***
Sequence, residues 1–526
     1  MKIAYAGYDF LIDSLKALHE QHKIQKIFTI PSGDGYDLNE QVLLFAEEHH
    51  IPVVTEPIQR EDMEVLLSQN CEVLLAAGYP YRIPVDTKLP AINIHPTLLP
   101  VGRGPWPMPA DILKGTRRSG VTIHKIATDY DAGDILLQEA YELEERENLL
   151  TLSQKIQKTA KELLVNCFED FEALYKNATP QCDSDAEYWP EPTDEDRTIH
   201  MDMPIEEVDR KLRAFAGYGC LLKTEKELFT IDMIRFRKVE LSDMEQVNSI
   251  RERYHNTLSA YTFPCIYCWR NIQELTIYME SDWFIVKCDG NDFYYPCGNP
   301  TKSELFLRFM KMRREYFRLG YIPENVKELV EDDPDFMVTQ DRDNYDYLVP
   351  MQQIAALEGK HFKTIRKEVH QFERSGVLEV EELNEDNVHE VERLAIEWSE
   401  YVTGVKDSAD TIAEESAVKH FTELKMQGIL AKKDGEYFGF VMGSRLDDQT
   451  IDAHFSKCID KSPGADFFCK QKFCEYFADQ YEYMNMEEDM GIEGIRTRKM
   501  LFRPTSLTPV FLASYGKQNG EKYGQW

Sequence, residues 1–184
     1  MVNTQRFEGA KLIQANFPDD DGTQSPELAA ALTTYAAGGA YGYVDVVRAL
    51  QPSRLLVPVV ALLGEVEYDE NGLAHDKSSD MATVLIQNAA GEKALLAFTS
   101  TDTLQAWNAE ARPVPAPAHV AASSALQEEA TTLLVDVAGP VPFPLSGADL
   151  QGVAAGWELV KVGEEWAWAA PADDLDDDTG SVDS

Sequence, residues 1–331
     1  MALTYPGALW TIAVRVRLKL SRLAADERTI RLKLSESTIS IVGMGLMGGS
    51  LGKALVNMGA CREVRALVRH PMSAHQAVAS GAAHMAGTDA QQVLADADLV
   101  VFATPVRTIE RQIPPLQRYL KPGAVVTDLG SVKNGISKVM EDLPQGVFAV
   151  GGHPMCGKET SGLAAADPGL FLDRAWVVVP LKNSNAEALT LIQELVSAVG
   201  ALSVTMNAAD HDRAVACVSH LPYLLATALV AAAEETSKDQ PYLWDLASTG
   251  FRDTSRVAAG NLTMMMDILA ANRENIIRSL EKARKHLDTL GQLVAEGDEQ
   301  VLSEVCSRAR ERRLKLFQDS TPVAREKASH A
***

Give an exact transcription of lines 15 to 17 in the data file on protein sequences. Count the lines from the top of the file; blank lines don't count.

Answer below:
    51  QPSRLLVPVV ALLGEVEYDE NGLAHDKSSD MATVLIQNAA GEKALLAFTS
   101  TDTLQAWNAE ARPVPAPAHV AASSALQEEA TTLLVDVAGP VPFPLSGADL
   151  QGVAAGWELV KVGEEWAWAA PADDLDDDTG SVDS